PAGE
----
This dissertation examines the relationship between the evolving process of urban transformation and lower class women's choices and strategies in 1940s Beijing. The city had been through dramatic changes in the period studied. The "tenement-ization" of courtyard neighborhoods, the rise of various forms of affordable amusements, and runaway inflation during war and Japanese occupation combined to produce opportunities as well as dangers for women. To explore women's experiences, this dissertation relies upon ethnographic evidence drawn from legal cases of bigamy, adultery, and seduction prosecuted by Beijing District Court in the 1940s. Individual accounts of desertions, pursuit of romantic relationships, and survival strategies under wartime economic pressure provide invaluable insights into the ways by which lower class women struggled to re-adjust individual choices in relation to the changing urban landscape.
The first two chapters examine the formation and operation of women's social networks in courtyard tenements, and the ways they helped women engage in a rather fluid pattern of marriage. Chapters three and four study the link between the rise of affordable entertainment options in courtyard neighborhoods and commercial facilities on the one hand, and women's sexual agency in the process of their pursuit of personal pleasure on the other. The last two chapters study wifely desertion as a survival strategy, to argue that lower class women reconfigured customary roles of husband and wife in response to economic dislocations.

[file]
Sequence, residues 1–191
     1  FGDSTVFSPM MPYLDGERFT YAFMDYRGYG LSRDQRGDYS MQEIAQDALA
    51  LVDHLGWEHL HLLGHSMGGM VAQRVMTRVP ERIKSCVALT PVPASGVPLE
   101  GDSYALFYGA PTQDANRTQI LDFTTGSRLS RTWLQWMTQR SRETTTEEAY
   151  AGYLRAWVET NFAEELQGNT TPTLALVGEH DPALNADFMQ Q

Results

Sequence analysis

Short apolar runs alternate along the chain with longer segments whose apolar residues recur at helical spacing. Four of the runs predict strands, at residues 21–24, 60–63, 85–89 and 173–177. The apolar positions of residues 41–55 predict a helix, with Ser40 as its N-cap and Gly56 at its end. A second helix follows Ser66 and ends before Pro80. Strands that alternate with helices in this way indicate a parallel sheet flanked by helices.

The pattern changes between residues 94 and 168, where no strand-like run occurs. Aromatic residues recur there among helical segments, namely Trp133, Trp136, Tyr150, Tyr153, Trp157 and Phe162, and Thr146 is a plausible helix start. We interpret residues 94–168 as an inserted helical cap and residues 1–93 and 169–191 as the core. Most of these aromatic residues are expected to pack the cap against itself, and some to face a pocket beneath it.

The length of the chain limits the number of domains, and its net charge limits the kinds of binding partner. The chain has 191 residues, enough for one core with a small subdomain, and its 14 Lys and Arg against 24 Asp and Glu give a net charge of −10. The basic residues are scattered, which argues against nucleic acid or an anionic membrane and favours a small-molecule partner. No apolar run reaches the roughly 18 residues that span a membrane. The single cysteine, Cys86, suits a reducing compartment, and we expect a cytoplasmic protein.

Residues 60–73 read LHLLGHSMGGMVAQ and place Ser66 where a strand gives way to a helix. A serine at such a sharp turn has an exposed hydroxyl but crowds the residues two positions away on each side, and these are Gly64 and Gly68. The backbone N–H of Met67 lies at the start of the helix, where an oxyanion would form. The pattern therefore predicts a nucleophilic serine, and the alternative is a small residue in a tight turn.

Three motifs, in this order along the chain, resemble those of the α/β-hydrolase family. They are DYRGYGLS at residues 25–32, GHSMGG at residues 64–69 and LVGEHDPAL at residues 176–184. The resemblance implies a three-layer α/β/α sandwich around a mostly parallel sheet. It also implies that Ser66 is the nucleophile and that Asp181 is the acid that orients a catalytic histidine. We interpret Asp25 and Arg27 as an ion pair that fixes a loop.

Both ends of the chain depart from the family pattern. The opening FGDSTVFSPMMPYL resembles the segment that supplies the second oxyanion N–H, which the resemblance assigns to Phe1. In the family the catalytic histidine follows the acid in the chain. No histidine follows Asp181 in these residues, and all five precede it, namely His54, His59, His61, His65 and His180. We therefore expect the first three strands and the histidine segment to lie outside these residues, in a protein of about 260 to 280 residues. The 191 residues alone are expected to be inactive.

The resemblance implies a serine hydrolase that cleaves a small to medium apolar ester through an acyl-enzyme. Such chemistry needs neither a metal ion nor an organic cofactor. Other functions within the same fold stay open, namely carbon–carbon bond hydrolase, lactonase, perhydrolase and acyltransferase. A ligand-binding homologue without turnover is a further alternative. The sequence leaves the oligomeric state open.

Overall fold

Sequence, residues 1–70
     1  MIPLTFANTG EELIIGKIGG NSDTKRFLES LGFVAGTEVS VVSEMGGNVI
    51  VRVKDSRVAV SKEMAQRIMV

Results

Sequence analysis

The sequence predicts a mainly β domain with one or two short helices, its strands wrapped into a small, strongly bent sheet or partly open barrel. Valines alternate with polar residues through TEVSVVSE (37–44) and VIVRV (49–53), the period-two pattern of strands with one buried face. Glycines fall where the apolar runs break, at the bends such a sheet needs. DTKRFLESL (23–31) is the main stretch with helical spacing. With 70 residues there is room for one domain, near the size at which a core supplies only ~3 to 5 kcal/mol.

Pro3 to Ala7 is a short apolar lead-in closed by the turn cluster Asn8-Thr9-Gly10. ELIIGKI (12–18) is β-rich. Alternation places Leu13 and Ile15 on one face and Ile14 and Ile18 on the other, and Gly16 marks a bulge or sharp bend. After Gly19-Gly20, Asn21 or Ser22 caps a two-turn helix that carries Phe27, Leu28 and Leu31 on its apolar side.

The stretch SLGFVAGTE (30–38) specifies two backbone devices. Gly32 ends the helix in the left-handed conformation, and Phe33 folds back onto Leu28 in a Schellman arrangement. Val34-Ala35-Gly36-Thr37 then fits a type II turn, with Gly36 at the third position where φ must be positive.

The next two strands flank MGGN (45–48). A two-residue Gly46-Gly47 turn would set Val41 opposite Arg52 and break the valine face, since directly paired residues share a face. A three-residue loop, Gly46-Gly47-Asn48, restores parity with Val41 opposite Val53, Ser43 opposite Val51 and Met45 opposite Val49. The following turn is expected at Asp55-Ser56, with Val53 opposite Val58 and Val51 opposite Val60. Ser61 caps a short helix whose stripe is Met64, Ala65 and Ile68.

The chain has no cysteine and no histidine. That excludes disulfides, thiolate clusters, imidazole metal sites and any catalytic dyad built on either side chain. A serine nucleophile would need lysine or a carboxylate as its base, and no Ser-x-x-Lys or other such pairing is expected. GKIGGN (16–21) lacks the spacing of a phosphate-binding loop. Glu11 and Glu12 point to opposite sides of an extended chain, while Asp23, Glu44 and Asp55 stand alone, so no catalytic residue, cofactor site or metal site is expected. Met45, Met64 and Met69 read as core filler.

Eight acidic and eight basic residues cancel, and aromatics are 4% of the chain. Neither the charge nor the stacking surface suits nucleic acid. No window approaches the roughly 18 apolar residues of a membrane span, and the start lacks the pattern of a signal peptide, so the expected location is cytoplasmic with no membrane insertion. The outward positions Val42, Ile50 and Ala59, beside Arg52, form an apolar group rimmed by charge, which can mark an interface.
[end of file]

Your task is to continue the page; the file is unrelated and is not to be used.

Women's choices and strategies demonstrate that urban transformation penetrated the fabric of ordinary women's life. However, women did not merely respond to changes; they played an active part in reconfiguring urban space and redefining the socioeconomic structure. To do so, women did not rely upon institutionalized channels such as political participation or organized actions like labor strikes. Instead, they re-conceptualized the city through individualized survival strategies, through manipulations of pre-existing social practices and cultural preferences, and through their daily life choices. Women's adjustments to the dramatic changes in the urban landscape and their strategies of survival neither conformed to, nor posed a conscious challenge to, the official formulation of the meaning and function of the city. But their appropriations of urban transformations helped them to become an invisible force that left visible marks on the city's social and moral geographies.
|Advisor:||Rowe, William T., Meyer-Fong, Tobie|
|School:||The Johns Hopkins University|
|School Location:||United States -- Maryland|
|Source:||DAI-A 68/11, Dissertation Abstracts International|
|Subjects:||History, Womens studies|
|Keywords:||Beijing, China, Courtyard neighborhood, Japanese occupation, Law, Urban reform, Women|
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